Rotisserie, Side dish
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Rotisserie Pan Sweet Potatoes

Sweet potatoes are my favorite starchy vegetable. I love their sweet, earthy flavor. I’m surprised it took me this long to put two and two together, try cooking them in my rotisserie pan.

The trick to the recipe is giving the sweet potatoes a head start in the microwave. That head start softens the sweet potatoes, and by the time they are done browning in the grill, they will be perfectly cooked through.

Sweet potatoes match well with the mild flavor of rotisserie chicken, turkey or pork. The sweet potatoes come out of the pan browned and sweet, crispy and bathed in the fat of whatever you’re cooking.

So, if you are looking for an easy rotisserie side dish for your meal, one that isn’t the same old potatoes, give these a try.

Recipe: Rotisserie Pan Sweet Potatoes



  • 2 large sweet potatoes
  • 1 tsp kosher salt
  • 1/2 tsp fresh ground black pepper
  • 1 tsp vegetable oil

1. Prep the sweet potatoes: Peel the sweet potatoes, slice them in half lengthwise, then cut into 1/2 inch thick slices. Put the slices in a microwave safe bowl and toss with the salt, pepper, and vegetable oil until evenly coated. Cover the bowl with plastic wrap and microwave on high for 5 minutes.
*I like to use my 2 quart Pyrex measuring cup as the bowl, because the handle makes pouring the potatoes into the pan easier in the next step.

2. Pan roast the sweet potatoes: On a grill set up for rotisserie cooking at medium to high heat, carefully pour the sweet potatoes into the drip pan, and spread into an even layer. Cook for 30 minutes, or until the sweet potatoes are browned and crispy on the top. Stir the sweet potatoes halfway through the cooking time if some sections are browning quicker than others.

3. Serve the potatoes: Remove the sweet potatoes from the drip pan with a slotted spoon, leaving as much of the cooking fat behind as possible. Serve.

*No rotisserie? No problem. If you are grill-roasting using a drip pan, you can use this recipe. The only difference is figuring out how to get the potatoes in and out of the pan, because the grate will probably be over the pan on the grill.  There isn’t enough clearance for me to do this on my gas grill, but on my charcoal grill, I ask someone to help.  They carefully lift the grill grate (using oven mitts!) so I can pour the potatoes under the roast.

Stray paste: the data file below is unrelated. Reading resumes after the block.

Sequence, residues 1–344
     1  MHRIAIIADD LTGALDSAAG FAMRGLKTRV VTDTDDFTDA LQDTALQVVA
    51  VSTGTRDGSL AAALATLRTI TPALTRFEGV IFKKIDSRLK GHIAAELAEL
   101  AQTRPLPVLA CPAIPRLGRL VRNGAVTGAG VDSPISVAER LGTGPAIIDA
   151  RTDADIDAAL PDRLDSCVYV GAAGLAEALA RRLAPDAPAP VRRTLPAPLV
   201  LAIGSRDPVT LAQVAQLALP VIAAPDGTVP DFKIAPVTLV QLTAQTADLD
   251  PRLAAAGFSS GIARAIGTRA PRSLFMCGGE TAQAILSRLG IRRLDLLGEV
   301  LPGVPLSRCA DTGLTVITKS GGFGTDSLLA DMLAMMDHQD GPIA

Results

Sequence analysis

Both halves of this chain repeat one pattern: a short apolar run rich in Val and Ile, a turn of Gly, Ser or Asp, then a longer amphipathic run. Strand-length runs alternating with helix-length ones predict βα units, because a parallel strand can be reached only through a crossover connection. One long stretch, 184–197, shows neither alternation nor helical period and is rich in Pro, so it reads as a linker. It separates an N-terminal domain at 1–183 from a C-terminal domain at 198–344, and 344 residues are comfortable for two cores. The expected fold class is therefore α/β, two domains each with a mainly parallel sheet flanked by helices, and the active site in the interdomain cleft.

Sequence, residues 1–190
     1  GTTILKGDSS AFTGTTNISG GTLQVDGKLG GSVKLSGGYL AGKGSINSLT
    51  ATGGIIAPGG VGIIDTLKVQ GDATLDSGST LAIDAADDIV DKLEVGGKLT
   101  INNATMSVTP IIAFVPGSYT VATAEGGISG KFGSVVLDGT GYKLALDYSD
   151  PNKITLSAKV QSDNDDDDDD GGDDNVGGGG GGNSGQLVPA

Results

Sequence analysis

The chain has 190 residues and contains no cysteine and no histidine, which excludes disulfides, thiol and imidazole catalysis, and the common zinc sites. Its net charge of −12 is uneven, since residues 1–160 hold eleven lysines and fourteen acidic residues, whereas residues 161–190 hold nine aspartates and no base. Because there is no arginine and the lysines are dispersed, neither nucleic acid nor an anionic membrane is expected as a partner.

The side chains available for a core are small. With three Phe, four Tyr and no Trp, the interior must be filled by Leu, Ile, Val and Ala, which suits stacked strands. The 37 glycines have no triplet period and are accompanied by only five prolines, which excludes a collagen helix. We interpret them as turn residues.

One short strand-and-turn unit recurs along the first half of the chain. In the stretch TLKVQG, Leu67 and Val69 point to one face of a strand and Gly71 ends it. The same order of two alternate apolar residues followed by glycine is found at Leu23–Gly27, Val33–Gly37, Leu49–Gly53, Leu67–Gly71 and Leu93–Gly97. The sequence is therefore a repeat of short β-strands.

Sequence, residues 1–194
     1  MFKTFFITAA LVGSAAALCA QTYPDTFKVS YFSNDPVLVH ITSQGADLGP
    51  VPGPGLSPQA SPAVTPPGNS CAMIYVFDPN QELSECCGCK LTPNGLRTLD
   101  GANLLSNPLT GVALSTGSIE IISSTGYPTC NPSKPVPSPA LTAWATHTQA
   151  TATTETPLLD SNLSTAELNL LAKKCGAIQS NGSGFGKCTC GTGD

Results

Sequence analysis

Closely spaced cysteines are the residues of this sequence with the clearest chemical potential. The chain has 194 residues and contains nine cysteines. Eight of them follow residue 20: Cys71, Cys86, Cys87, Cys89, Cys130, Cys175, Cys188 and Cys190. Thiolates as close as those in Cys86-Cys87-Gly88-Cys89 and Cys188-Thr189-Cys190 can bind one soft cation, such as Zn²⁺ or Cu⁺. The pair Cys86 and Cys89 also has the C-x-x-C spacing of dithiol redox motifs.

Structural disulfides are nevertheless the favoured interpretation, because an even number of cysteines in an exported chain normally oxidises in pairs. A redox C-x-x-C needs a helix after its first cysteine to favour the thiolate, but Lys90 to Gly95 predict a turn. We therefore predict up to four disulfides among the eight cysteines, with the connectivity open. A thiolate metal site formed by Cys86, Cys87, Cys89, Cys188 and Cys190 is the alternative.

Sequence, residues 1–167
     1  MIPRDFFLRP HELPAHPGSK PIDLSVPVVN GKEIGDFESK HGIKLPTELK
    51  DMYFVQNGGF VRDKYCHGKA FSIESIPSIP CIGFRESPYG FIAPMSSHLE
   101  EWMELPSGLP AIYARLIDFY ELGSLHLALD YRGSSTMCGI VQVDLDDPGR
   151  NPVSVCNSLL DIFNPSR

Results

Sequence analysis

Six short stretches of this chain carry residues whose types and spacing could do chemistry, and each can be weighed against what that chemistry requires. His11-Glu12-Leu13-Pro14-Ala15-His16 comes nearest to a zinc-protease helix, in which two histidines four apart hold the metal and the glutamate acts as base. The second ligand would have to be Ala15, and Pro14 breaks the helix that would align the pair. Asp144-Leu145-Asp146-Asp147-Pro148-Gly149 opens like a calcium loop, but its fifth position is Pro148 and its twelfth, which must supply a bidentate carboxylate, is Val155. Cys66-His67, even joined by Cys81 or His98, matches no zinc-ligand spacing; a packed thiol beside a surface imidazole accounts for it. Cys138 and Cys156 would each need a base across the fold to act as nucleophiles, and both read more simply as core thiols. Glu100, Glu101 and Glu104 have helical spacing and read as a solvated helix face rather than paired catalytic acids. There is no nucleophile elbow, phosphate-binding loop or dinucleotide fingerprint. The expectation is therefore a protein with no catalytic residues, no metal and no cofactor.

*Southwestern potatoes: With the salt and black pepper, add 1/2 tsp of ground chipotle powder. (I love the combination of chipotle’s smoky heat and sweet potatoes.)

*Brown sugar glazed sweet potatoes: After removing the potatoes from the drip pan with the slotted spoon, sprinkle 1 tbsp of brown sugar over the potatoes.

*On my Weber Summit, the rotisserie infrared burner is in the back of the grill, so the sweet potatoes tend to brown quicker on that side of the pan. After I stir the potatoes, I rotate the pan to get the other side closer to the heat of the rotisserie burner.

*While sweet potatoes are good for you, these potatoes are going to be coated in the fat dripping from whatever you are cooking. This fat gives them their delicious flavor, but can overwhelm them if they sit in it for too long. As soon as they are done cooking, get them out of the fat in the drip pan and onto a serving platter.

*I’ve noticed, in doing different recipes in my drip pan, that drip pan recipes work better on my gas grill than they do in my Weber kettle. The drip pan recipes work on the charcoal grill, but they don’t get quite as browned and crispy as they do on the gas grill. This surprised me, because the charcoal grill rotisserie browns the meat on the spit better than my gas grill. I think it’s the combination of the infrared burner and the positioning of the burners on the gas grill – the pan is getting heat from all sides. On the charcoal grill, it is directly between two piles of coals, so it gets heat at the edges, but nothing from underneath. Score one for the gas grill!

What do you think? Questions? Other ideas? Leave them in the comments section below.

Related Posts:
Rotisserie Chicken Dry Brined with Rosemary and Lemon
Rotisserie Pan Potatoes
Click here for my other rotisserie recipes.

Check out my cookbook, Rotisserie Grilling.

Everything you could ask about the rotisserie,
plus 50 (mostly) new recipes to get you cooking.

It’s a Kindle e-book, so you can download it and start reading immediately!

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Filed under: Rotisserie, Side dish


Hi! I’m Mike Vrobel. I’m a dad and an enthusiastic home cook; an indie cookbook author and food blogger with a day job, a patient spouse, and three kids who would rather have hamburgers for dinner.


  1. Mr Ed says

    Can you prep and microwave the sweet potatoes ahead of time, then transfer to the BBQ pan when ready?

  2. @Pam:

    Thanksgiving? The high holy day of home cooks in America? Sorry, I made plans six months ago.

    I’m cooking one turkey on the rotisserie and one in the oven, mashed potatoes, gravy, sweet potatoes, vegetarian stuffing, and acorn squash. At least, that’s my plan so far. I feel like I’m missing something…or a bunch of somethings…

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